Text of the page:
You can probably relate to this. On a walk to the store or to grab lunch or just to clear your mind, you happen upon a disoriented, possibly intoxicated stranger, at turns muttering to himself and spitting unintelligible invective at you. It’s uncomfortable. It’s sad. It’s nerve-racking. You pick up your pace. A block later you’ve all but forgotten.
This happens every day in cities across the country. It is—or at least it seems—particularly common where poverty is concentrated and the poor lack access to mental health services. Something like this happened two days ago in St. Louis, Missouri—about four miles from Ferguson—to at least four different pedestrians, who happened to walk past 25-year-old Kajieme Powell moments after he allegedly shoplifted some donuts and energy drinks from a convenience store. The difference between their encounter and yours is that twenty seconds later Powell was dead. (Warning: The following video is disturbing.)
If you watch the video, there’s no denying that the introduction of police was a catalyst that rapidly turned a sad and touchy situation into a violent tragedy.
There’s also no denying that the store owner had every right to call the police.
And worst of all, there’s no denying that everything the St. Louis police did in the aftermath suggests they sincerely believe this was a justified, by-the-book killing. A witness filmed the encounter, but the police themselves released it to the public.
Judging by the public’s horrified reaction, Powell’s killing is a late awakening for a lot of people. Presumably that has something to do with the proliferation of camera phones, which went from virtually non-existent to omnipresent in the United States over the course of the last decade. But though precise protocols for police use of force vary from department to department, you probably won’t find many police who’ll say that what the police did to Kajieme Powell is a great or unjustifiable departure. And if that’s a shock to you, then you’re a newcomer to a very basic argument: That if this is proper protocol, then the protocol is bad.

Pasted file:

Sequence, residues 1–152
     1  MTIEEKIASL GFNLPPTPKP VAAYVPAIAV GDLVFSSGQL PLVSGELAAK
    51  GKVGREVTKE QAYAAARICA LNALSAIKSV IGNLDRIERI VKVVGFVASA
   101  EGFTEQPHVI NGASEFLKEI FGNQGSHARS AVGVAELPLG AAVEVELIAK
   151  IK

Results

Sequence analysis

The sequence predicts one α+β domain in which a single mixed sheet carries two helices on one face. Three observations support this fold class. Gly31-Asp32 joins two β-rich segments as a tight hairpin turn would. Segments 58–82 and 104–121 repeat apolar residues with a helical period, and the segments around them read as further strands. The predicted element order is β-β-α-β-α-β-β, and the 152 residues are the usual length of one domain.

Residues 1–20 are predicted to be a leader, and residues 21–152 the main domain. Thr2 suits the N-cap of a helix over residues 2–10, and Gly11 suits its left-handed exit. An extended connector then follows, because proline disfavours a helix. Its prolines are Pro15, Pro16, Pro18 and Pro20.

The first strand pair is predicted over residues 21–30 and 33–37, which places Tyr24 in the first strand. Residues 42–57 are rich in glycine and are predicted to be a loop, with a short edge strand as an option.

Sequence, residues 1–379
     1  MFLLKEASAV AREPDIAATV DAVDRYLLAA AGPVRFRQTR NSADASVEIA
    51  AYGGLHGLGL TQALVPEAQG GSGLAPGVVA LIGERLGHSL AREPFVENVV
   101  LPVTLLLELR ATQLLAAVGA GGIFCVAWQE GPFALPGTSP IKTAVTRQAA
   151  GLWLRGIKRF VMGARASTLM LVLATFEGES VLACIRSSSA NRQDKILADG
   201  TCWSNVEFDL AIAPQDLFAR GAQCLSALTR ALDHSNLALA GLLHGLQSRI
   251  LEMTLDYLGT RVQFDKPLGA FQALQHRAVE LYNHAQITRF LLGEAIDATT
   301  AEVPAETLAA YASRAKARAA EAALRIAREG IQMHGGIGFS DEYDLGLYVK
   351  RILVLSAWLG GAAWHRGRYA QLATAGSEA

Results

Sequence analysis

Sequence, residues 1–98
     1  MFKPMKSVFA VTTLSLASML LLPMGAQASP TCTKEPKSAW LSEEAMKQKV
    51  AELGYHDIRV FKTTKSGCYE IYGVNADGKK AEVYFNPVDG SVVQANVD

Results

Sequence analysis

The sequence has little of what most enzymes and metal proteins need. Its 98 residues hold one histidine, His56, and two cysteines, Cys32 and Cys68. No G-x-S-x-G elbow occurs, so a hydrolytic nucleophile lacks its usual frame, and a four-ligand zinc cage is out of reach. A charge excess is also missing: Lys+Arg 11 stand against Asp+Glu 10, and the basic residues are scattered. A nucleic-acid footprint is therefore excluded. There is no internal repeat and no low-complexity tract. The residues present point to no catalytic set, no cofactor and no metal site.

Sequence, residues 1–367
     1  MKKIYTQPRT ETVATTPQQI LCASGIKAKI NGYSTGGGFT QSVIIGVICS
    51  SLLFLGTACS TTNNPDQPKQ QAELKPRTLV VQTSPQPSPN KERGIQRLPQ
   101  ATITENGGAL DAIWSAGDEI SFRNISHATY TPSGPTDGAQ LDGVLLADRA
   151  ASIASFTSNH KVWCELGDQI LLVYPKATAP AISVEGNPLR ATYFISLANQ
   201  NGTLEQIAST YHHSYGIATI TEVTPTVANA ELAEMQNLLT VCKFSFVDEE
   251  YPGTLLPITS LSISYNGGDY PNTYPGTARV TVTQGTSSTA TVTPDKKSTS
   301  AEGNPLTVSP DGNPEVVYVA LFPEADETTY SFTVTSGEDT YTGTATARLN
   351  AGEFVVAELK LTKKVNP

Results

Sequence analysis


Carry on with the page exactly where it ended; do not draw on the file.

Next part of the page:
Powell had a knife—Police Chief Sam Dotson described it as a steak knife. But he was not wielding it in the way officers claimed (or in the way it may have felt to them in the moment). He was not two or three feet away, but perhaps eight or nine. He wasn’t charging hard or issuing threats. To the contrary, he was demanding to be shot.
But that doesn’t mean the police needed to oblige him. It's hard to watch the video and not conclude that there should’ve been some safe way to preserve his life.
Police sympathizers will dismiss that suggestion as fantastical. The only cops who immobilize criminals by shooting them in the legs are movie cops. Tasers are a more realistic alternative, but would leave cops defenseless against a knife-wielding thug a few feet away if they missed (though you can apply that same argument to sidearms).
I claim no expertise, but I feel comfortable saying there’s an alternate scenario in which the police use a different but equally or more effective protocol and Powell survives. I also feel comfortable saying that the yawning disconnect between the official perception that the video is exculpatory, and the public reaction to it speaks to the protocol’s lack of legitimacy.
In a violent society, police will always end up killing people. But they have guns in Iceland. They have steak knives in Iceland. And yet last year, after police there killed a man who was shooting at them in Reykjavik, “the nation was in shock,” according to the news editor of the Icelandic National Broadcasting Service. “This does not happen in our country.” It was the first officer-involved killing in the country’s modern history.
We may never get close to Iceland's statistics, but there's no reason we shouldn't try.
Brian Beutler is a senior editor at The New Republic.